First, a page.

A proposed bill introduced in late February has midwives across the state rattled.
The South Carolina Lay Midwife Act proposes a host of changes that could be a “de facto ban” on home births and licensed midwives, said student midwife and apprentice Jennifer O'Briant,
The bill would require an obstetrician to sponsor and supervise licensed midwives. Midwives, typically not obstetricians, attend home births. O'Briant, a former Aiken resident now residing in Columbia, said that state regulations already require midwives to have a collaborative relationship with an obstetric provider.
The bill also defines those in the profession as “lay midwives,” which is someone who “may have had little formal training or recognized professional education in midwifery.”
O'Briant said that from 2009 to 2011, there was a 55 percent increase in out-of-hospital births in South Carolina, and this bill could strip families of the choice to choose a safe out-of-hospital birth, especially with the bill's definition of “lay midwives” in place.
“It's a reckless piece of legislation with derogatory language, and we were all surprised by it,” O'Briant said.
Local midwife Tavish Brinton said that being referred to as a layperson is insulting because of the years of training that is completed to accomplish her profession. Brinton is a licensed South Carolina midwife of 30 years and said a lot of work goes into getting certified. Currently, prospective midwives must pass both the North American Registry of Midwives national written exam and an oral exam offered through S.C. Department of Health and Environmental Control.
The bill proposes to change the process of midwife licensing by calling for an advisory committee to be established under the state Board of Medical Examiners, which would handle certification.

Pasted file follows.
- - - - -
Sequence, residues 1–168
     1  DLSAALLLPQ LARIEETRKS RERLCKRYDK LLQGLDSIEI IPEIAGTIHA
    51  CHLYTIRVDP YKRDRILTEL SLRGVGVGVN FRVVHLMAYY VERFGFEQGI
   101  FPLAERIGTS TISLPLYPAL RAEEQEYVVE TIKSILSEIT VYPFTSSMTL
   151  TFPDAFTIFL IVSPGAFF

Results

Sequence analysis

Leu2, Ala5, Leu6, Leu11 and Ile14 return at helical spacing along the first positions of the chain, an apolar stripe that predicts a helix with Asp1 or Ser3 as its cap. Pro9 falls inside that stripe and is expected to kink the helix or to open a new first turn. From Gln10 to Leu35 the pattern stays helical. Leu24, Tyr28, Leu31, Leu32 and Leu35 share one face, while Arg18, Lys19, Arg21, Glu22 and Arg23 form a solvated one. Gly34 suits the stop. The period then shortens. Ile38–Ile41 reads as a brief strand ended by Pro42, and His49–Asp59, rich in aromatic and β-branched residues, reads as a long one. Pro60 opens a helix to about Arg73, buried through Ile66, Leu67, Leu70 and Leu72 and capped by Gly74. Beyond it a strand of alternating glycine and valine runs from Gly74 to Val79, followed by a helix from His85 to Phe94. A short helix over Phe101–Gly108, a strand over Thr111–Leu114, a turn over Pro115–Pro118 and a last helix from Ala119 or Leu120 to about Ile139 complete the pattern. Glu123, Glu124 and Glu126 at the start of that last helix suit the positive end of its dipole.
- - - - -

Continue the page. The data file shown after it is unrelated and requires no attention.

Elizabeth Alger is a licensed midwife apprentice who said that requiring the supervision of an obstetrician is not economically feasible. She added that the standards set by DHEC for licensed midwives in this state are more stringent than what is required by the North America Registry of Midwives.
“If there is anything that South Carolina midwives are not, it's uneducated,” Alger said.
Ashley Stevenson, co-leader of CSRA Birthing Connections, had a midwife and planned a home birth though she had to have a Caesarean section. Stevenson said that midwives do not handle any high-risk pregnancies, and if a problem arises during a home birth, she said a licensed midwife is competent enough to know when a trip to the hospital is necessary.
Brinton said if this bill were to pass, women would lose the freedom to choose to give birth at home or in a birth center rather than a hospital.
“This is an option in maternity care that is very much worth preserving, and this is the option of normal, time-intensive prenatal care and physiologic conduct of labor and birth,” Brinton said.
The bill has sparked a lot of concern and attention around the state. More than 4,500 have signed an online petition started by O'Briant on Sunday.
Calls made by the Aiken Standard to the bill's co-sponsors, which includes representatives Kris Crawford, J. Anne Parks, Robert Ridgeway III and Phyllis Henderson, were not returned by press time. Crawford did tell WLTX in Columbia that the purpose is to ensure that the care provided by midwives is compliant to the standards of the health care industry and that the bill needs more work.